superintendants there for about three years.

In 1868 Mr. Hayes and family moved to Oakland, Douglas County, Oregon
for
several years, and he conducted a Mercantile Business there for several
years. He also did book keeping for several firms. In 1892 he was
elected
Treasurer of Coos County, which office he held for three terms. He was
Treasurer when the County Seat was moved from Empire City, on Coos Bay,
to
Coquille on the Coquille River.

After the expiration of his term of office he retired to private life
and he
and his wife moved to Bandon, Oregon for several years; Mrs. Hayes died
in
Bandon, July 21, 1906. Mr. Hayes died June 28, 1909 in Marshfield,
Oregon.
An old friend and Minister of the Christian Church, S. B. Hollenbeak,
conducted funeral services for both Mr. and Mrs. Hayes in the Christian
Church; Mrs. Hayes body was the first to be taken to the Cemetery in
the
first hearse that was over in Coquille; it being a large black vehicle
with a
square top and a large pom-pom of feathers on each corner. Both Mr. and
Mrs.
Hayes were laid to rest in the Masonic Cemetery, near Coquille, and now
have a
grave marker; they are laid in the Snyder plot by the three children of
John
and Amanda Hayes Snyder--William, Herbert and Martha Snyder. All died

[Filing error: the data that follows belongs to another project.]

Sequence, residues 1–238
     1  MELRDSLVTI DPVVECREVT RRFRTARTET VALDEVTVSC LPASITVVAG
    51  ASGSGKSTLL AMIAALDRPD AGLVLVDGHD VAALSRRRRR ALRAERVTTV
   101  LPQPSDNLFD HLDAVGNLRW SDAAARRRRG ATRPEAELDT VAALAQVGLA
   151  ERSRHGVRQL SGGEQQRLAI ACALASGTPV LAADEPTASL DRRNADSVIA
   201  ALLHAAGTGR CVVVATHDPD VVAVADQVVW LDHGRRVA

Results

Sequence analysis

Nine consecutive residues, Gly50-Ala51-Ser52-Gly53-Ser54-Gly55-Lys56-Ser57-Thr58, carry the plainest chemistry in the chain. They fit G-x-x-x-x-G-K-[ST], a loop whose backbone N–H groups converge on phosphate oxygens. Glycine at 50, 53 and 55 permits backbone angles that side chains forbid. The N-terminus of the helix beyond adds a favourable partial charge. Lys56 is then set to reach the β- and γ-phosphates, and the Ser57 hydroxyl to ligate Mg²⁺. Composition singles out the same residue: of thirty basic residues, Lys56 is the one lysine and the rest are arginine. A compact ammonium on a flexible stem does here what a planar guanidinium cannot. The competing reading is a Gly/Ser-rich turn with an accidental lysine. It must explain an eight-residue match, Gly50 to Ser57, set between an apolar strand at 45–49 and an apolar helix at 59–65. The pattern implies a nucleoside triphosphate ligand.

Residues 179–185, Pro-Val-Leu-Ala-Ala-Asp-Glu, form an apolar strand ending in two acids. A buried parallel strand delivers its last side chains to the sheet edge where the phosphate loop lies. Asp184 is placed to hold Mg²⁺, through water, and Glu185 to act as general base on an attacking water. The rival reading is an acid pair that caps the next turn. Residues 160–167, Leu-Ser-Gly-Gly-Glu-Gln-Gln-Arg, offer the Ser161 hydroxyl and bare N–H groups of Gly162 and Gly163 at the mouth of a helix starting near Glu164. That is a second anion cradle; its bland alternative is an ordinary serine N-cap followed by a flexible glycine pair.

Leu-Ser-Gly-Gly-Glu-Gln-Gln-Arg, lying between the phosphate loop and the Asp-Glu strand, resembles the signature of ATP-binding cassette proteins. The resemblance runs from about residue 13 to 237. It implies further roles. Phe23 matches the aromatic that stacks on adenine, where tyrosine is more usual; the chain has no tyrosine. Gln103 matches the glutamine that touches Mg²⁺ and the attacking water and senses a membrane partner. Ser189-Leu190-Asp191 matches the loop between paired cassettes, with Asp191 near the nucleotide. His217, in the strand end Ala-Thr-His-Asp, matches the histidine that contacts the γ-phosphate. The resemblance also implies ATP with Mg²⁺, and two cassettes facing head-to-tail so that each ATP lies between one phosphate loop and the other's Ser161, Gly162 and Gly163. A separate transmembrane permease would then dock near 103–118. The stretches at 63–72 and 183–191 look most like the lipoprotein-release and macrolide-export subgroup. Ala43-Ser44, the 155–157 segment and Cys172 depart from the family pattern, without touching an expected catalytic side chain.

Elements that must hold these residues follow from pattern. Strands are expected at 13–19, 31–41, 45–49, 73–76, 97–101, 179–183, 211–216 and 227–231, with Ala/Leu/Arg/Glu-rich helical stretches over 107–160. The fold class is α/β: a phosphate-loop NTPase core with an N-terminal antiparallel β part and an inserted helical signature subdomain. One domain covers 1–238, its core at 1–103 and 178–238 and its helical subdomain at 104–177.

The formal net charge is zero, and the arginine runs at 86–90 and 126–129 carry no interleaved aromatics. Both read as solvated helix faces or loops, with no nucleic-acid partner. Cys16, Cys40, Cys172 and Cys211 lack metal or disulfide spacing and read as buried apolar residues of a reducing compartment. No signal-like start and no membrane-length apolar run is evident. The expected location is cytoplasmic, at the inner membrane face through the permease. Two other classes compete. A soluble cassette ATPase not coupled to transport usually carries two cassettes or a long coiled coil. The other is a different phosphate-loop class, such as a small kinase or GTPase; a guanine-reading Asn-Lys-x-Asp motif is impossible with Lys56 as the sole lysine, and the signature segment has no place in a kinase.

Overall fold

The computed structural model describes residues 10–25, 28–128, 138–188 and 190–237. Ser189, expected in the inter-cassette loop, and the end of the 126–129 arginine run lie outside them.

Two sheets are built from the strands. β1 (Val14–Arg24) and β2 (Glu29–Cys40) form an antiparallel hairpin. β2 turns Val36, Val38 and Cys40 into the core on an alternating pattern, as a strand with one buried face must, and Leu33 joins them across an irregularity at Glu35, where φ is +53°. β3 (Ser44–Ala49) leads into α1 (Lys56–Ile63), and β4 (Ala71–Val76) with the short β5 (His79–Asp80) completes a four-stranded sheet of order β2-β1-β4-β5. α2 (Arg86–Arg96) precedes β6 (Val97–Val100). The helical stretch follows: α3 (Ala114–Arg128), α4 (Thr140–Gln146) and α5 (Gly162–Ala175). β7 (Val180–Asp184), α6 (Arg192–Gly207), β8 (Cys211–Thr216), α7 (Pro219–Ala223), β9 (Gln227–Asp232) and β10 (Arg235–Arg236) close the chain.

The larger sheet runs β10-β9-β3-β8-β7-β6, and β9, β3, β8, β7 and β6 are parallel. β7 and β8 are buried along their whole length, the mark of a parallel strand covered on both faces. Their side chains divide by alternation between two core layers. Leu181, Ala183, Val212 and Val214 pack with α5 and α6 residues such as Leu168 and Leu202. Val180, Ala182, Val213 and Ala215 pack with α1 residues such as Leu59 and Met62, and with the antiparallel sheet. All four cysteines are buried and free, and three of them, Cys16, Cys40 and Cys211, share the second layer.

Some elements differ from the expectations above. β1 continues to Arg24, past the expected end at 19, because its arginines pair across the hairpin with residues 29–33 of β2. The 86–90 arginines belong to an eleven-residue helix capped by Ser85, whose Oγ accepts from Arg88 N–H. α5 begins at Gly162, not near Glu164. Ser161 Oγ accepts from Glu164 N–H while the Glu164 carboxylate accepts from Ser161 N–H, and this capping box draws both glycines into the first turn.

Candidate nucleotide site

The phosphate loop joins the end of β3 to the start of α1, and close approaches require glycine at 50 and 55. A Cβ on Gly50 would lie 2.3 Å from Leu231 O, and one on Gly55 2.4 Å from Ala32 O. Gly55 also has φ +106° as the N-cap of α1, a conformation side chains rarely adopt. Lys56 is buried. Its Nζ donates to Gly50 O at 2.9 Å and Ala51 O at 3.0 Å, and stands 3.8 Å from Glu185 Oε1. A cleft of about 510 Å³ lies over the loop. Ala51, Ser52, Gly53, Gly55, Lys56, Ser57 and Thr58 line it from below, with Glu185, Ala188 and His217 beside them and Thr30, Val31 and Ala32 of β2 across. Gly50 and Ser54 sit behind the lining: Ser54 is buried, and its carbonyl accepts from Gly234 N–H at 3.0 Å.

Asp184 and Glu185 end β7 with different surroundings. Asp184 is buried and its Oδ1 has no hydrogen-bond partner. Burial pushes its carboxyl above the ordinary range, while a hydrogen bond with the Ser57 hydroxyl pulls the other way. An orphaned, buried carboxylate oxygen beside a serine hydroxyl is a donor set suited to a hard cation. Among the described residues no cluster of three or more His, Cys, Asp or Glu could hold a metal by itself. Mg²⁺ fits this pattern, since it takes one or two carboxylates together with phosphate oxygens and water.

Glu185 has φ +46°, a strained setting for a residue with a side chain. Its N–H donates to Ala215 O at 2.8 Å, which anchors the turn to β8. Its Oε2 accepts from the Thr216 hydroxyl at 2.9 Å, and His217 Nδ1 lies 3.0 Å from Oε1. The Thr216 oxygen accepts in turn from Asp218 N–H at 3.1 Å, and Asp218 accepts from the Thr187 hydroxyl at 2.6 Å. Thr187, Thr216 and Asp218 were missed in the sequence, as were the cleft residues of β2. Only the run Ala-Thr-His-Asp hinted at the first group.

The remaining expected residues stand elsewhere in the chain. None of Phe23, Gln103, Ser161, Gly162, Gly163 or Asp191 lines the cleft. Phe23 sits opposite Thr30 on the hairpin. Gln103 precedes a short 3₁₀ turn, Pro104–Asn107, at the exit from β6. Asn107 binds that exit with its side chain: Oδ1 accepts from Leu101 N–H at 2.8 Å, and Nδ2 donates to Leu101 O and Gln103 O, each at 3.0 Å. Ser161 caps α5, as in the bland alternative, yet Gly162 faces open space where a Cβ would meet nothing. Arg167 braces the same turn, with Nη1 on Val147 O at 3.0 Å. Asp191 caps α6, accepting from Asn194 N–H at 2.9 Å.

from
diphtheria a few days apart--all were small children.

Mr. and Mrs. Hayes and their children were members of the Christian
Church
and their home was always open to Ministers of the Gospil (sic) and
needy
folk. They were both members, also some of their children and all
attended
church in the little old building that still stands on Fourth St.
between
Coulter and Heath Streets in Coquille, Oregon. Mr. Hayes had a fine
tenor
voice and was song leader for church services for many years. He was a
member
and ardent worker in the Knights of Templer Lodge.

Mrs. Hayes was very well versed in the Holy Scripture, being able to
quote
chapters and verses from memory. Every night after retiring--a lamp on
the
table by the bed--and her little white night cap on her head--she would
read a
portion of scripture.

Grandfather prided himself on putting the crying grand children to
sleep
using his various motions and Indian chants.

We grand children always wanted grandmother to make "scraped gathers"
in our
dresses, which she could do so well. No one ever baked as good bread.
as
Grandma and we (sic) were allowed to eat the crusty ends off when the
loaf was
still warm.

Two finer Christian people ever lived and they were ever ready to help
others
and their home was always open to friends and to the Ministry.

Grandma Hayes used to tell about what Great-grandma Hayes would tell
about
crossing the Atlantic from Ireland and the children all had whooping
cough
(which she called chin coff). Grandfather William Hayes was born after
the
family came to America--he being the youngest.

Great-grandmother Hayes told how her father James Jackson as High
Sheriff of
County Cork would gather the taxes from the farmers and bring it to his
home
and pour it in a large tub in the middle of the room and no one was
allowed to
enter---a'corden of troops guarded the house til all monies were
collected,
and being guarded by troops the money was then taken to the Kings
Palace."

End

Steve Jenkins
Roanoke, VA